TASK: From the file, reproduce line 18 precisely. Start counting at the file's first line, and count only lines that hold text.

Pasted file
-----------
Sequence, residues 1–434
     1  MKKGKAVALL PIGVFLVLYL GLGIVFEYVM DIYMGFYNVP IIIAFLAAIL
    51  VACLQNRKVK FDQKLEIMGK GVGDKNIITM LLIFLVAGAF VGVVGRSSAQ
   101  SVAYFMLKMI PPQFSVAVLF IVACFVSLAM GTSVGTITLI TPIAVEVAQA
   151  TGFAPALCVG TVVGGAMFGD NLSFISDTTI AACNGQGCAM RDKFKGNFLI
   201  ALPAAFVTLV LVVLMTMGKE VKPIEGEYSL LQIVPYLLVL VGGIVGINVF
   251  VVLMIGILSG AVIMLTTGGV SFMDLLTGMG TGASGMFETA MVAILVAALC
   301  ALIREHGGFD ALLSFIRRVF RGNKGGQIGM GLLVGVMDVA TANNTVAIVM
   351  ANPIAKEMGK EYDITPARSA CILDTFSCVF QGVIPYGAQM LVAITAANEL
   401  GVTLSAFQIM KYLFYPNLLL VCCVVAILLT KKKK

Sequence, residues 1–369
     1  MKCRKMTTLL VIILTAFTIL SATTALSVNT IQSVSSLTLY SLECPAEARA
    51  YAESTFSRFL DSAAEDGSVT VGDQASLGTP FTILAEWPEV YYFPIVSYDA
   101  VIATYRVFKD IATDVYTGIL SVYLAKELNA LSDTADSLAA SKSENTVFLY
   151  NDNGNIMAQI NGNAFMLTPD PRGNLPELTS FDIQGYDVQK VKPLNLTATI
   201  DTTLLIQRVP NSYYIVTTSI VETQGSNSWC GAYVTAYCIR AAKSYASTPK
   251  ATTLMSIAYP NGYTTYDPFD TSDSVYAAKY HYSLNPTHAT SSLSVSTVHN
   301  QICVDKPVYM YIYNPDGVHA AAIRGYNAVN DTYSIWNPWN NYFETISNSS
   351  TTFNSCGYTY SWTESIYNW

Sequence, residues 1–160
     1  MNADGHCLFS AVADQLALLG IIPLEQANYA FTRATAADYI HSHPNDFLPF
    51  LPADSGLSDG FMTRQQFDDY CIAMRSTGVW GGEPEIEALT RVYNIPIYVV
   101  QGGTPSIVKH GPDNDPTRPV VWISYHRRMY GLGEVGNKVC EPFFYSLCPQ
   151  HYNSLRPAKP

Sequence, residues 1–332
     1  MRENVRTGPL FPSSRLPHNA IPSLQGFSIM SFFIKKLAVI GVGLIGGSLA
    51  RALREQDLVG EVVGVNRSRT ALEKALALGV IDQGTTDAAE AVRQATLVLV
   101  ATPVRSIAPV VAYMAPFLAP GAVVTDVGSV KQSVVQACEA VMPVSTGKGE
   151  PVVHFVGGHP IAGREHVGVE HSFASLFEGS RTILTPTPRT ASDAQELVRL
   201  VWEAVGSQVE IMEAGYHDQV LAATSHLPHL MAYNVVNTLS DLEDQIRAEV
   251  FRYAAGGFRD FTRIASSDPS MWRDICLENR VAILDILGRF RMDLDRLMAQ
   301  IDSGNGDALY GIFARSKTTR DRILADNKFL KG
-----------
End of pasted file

   301  QICVDKPVYM YIYNPDGVHA AAIRGYNAVN DTYSIWNPWN NYFETISNSS